Cultural awareness in a multicultural world

My name is Keaton, and I am a white middle-class American, which are pretty common here in the state of Utah. Living in a state that is well-known for its lack of diversity provides an interesting challenge for someone like me, who is interested in topics like globalization, localization, and cross-cultural communication. Where can I go to find diversity? Where can I go to develop skills in order to help myself and others bridge cultural gaps? That is the goal of this blog, to educate myself and others around me in Logan on how to be more sensitive to cultural gaps, and discuss ways we can bridge those gaps effectively. Even if you don’t live in Logan, keep reading, these tips can be very helpful!

To begin with, I would like to discuss the concept of cultural awareness, I’ll be drawing from some of the ideas presented on the Cultural and Language (CAL) Learning blog, which is moderated by a company that specializes in cross-cultural communication in the workplace.

In one of their posts last year, they discussed four different stages of cultural awareness that people typically possess, they are:

Stage 1: People are all the same. 
While either misinformed or ignorant, these people believe that everyone views the world just about the same way they do.

Stage 2: Cultural differences exist, but my culture is the best.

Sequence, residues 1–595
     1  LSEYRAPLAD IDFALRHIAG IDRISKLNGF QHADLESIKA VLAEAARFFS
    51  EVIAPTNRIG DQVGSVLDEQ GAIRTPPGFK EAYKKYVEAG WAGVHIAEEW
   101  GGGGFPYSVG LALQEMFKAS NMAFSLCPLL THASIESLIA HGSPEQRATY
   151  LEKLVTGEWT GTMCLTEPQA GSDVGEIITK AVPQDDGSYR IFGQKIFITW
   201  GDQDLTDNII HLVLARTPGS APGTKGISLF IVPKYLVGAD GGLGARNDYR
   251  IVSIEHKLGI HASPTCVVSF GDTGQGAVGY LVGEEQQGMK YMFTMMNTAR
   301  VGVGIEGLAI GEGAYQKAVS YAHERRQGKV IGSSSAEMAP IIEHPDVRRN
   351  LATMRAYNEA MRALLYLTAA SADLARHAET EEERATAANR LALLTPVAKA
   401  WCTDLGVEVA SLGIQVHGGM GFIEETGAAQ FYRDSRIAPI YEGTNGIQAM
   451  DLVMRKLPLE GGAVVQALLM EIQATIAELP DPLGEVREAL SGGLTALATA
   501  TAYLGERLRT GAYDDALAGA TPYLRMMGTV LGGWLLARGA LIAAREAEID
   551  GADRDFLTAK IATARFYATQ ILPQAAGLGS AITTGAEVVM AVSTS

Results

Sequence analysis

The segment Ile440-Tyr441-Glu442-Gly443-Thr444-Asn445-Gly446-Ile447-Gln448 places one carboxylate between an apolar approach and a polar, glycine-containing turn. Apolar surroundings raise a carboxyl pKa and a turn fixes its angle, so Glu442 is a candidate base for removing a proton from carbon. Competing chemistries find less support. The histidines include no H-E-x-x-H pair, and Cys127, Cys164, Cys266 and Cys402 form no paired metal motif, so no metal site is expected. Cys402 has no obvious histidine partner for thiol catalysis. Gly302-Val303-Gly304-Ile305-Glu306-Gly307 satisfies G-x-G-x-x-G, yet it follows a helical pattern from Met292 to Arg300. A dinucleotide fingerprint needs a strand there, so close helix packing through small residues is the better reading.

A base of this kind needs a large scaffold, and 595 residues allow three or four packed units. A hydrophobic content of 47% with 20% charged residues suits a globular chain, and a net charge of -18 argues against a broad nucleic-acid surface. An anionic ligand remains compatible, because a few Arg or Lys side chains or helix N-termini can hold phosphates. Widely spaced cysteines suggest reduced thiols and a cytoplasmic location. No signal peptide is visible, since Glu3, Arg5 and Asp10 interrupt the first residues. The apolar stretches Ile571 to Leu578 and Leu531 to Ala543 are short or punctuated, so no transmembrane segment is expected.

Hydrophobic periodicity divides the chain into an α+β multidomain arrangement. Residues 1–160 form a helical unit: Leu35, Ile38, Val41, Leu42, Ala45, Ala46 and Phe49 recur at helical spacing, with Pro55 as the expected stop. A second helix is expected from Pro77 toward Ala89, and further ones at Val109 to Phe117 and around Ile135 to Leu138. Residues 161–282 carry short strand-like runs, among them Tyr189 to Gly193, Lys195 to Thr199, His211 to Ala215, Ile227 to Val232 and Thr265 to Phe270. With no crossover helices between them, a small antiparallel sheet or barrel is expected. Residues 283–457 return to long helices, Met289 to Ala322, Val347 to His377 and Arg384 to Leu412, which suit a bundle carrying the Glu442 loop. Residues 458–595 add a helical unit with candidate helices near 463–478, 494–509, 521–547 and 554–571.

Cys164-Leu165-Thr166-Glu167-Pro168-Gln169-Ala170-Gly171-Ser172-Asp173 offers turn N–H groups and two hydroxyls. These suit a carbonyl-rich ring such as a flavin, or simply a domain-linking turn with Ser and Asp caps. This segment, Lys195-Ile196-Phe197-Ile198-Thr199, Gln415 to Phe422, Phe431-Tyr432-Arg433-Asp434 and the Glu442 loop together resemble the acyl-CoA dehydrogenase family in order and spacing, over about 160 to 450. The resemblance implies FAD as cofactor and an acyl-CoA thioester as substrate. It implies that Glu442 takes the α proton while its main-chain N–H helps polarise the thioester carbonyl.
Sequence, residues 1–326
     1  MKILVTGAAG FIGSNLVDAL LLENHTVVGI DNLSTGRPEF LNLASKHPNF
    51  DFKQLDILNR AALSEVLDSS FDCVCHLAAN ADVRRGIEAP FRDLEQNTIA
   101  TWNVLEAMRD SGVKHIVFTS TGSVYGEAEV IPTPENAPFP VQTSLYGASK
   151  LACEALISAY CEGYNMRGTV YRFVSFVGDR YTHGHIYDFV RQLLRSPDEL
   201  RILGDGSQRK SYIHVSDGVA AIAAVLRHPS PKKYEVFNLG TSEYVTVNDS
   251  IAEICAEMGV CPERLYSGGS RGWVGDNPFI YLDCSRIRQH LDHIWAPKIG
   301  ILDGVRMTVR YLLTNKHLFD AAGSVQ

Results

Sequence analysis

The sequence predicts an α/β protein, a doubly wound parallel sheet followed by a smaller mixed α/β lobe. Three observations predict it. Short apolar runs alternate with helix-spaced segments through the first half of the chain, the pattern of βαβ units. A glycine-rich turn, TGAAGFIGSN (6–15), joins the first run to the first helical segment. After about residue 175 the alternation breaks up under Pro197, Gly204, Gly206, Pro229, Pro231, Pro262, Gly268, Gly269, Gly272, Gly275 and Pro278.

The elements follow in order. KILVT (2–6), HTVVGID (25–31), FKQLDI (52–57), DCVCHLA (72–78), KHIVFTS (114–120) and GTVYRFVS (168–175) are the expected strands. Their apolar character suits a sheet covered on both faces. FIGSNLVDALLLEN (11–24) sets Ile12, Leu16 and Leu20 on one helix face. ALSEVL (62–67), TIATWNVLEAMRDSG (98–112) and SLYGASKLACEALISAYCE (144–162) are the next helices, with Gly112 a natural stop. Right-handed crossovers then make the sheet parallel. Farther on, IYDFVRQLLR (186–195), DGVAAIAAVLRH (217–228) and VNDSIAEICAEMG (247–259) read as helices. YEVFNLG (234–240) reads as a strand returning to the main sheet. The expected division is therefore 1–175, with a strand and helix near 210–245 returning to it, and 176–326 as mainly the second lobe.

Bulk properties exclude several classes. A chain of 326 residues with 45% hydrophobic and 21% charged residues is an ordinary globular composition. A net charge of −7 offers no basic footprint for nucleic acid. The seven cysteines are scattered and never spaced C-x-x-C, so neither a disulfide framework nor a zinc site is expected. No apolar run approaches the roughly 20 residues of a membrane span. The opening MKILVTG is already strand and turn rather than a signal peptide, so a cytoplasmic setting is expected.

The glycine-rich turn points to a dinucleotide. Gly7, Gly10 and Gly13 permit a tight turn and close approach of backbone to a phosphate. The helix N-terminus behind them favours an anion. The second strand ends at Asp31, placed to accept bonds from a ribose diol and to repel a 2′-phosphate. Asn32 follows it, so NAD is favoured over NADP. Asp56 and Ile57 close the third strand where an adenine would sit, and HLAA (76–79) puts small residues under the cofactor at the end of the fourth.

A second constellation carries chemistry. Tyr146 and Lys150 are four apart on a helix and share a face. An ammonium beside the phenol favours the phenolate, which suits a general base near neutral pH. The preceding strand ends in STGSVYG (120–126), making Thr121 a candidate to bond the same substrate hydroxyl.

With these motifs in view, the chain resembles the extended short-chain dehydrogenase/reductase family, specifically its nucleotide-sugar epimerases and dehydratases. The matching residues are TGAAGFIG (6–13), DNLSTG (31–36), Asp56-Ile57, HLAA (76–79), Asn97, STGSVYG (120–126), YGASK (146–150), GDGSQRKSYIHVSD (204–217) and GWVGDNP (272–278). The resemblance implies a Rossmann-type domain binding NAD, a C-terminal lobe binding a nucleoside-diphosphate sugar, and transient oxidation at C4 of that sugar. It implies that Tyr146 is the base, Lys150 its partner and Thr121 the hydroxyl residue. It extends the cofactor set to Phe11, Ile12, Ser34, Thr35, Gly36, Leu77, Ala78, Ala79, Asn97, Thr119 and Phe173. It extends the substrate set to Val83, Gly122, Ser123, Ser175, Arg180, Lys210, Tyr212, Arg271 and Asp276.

These people have probably had negative experiences with people from different cultures, or they are just ethnocentric.

Stage 3: Other cultures are of value and I can learn from them.
Hey, this is absolutely true, and kudos to those people that are like this!

Stage 4:  More than one cultural frame of reference exists.
These kind of people are brilliant, because they can re-frame their conversation in order to direct it to people of different cultures.

While I am not very good at pigeonholing people into categories, I do find value in being able to define certain levels of cultural awareness, like CAL learning has done. I am certain that further research might indicate that there are numerous other stages in between these four, but I believe these four will suffice for now.

The reason why these are important is because we all have deficiencies in our awareness of culture, and these can cause some serious communication problems in any circumstance, but particularly in business and work environments. We can all benefit from examining  how culturally aware we are, and setting goals to improve our level of awareness.

Every time I am around people of different cultures I learn new and amazing things about them that can really benefit me and my perspective on life, and while I am not the most culturally aware person, I do feel like I am making improvements!

Where do you think you fit in?

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